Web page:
The Telegraph
Since 1st March, 1999
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Advani lends Buddha hand

New Delhi, Nov. 23: Deputy Prime Minister L.K. Advani, who has been keeping tabs on the crackdown on Pakistan’s Inter-Services Intelligence agents and its army moles in Bengal, was today briefed exhaustively by Buddhadeb Bhattacharjee.

At a 30-minute one-to-one this morning, the duo put in place a joint strategy to combat terror after agreeing that it would be impossible for Bengal to tackle the spurt in terrorist activity single-handed. Advani assured the chief minister that the Centre would fully back all his efforts.

The leaders also decided to step up intelligence sharing between the state and the Centre. This process is already under way, and some recent arrests in the state followed tip-offs from the Intelligence Bureau.

To tackle the rising threat from fundamentalists, a decision was taken to speed up the putting together of a special combat force — drawn from the state police — for which a training academy is coming up in Durgapur. Advani suggested that commandos be trained at the police academy in Hyderabad at present.

Like all state leaders, Bhattacharjee sought more Central forces for Bengal. Advani agreed to despatch more paramilitary forces but only after the Gujarat elections were out of the way.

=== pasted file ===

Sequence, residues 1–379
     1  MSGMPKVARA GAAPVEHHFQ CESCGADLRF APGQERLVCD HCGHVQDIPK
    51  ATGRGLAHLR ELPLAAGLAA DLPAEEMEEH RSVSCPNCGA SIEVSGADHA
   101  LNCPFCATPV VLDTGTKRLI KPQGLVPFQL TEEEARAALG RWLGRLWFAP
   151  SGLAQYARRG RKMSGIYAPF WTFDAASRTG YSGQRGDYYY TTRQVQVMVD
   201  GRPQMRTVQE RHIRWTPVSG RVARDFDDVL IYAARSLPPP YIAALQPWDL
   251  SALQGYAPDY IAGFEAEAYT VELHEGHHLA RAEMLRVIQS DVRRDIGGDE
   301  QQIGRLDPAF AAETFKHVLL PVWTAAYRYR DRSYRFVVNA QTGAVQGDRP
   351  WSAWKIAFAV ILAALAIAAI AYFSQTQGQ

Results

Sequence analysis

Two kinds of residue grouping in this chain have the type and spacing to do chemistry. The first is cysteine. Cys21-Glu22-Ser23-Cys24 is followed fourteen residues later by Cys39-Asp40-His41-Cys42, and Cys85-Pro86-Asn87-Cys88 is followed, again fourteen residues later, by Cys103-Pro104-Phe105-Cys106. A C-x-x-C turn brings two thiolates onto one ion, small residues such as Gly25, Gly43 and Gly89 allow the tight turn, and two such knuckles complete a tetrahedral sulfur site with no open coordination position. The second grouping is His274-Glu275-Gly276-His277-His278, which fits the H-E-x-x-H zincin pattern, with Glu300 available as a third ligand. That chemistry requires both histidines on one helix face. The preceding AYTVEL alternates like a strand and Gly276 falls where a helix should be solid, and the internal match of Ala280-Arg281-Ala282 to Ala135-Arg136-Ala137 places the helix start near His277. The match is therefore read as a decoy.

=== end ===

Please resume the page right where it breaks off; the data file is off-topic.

Moving on to the rise in anti-India activity from Bangladeshi soil, Bhattacharjee said police had noted an increase in the activities of both the ISI and al Qaida since the coming to power of Begum Khaleda Zia.

But sources said while it could be true that terror modules were proliferating in Bengal, there was little evidence that al Qaida cadre were involved.

“The ideology may be from al Qaida, but these are the same fundamentalist groups which have been operating from Bangladesh. It is true that with the current regime they have got more encouragement to operate as they like. But I would not call these outfits al Qaida in the sense that they take orders from Osama bin Laden,” an official said.

“Al Qaida is the latest buzzword all over the world. Mention of al Qaida immediately captures the public imagination and all Muslim fundamentalist groups are being dubbed as al Qaida,” he said.

But, he added, the outfits were dangerous whatever the name they used, and action had to be taken against them.

The fundamentalist Jamaat-e-Islami, now part of the Bangladesh Nationalist Party-led coalition, has always been in the forefront of anti-India protests. Active in Sylhet, Jessore and Rangpur districts, it has stepped up its border activities with the government looking the other way.

Unless Bangladesh reins in these forces, India may find itself exposed to terrorists on its eastern border as well. Advani expressed satisfaction that Bengal had taken the initiative to pre-empt this.

Bhattacharjee declined to give out much on his meeting with Advani. He merely said he discussed the activities of various terrorist groups operating in the state, including the Kamtapur Liberation Organisation in North Bengal and People’s War in the south.


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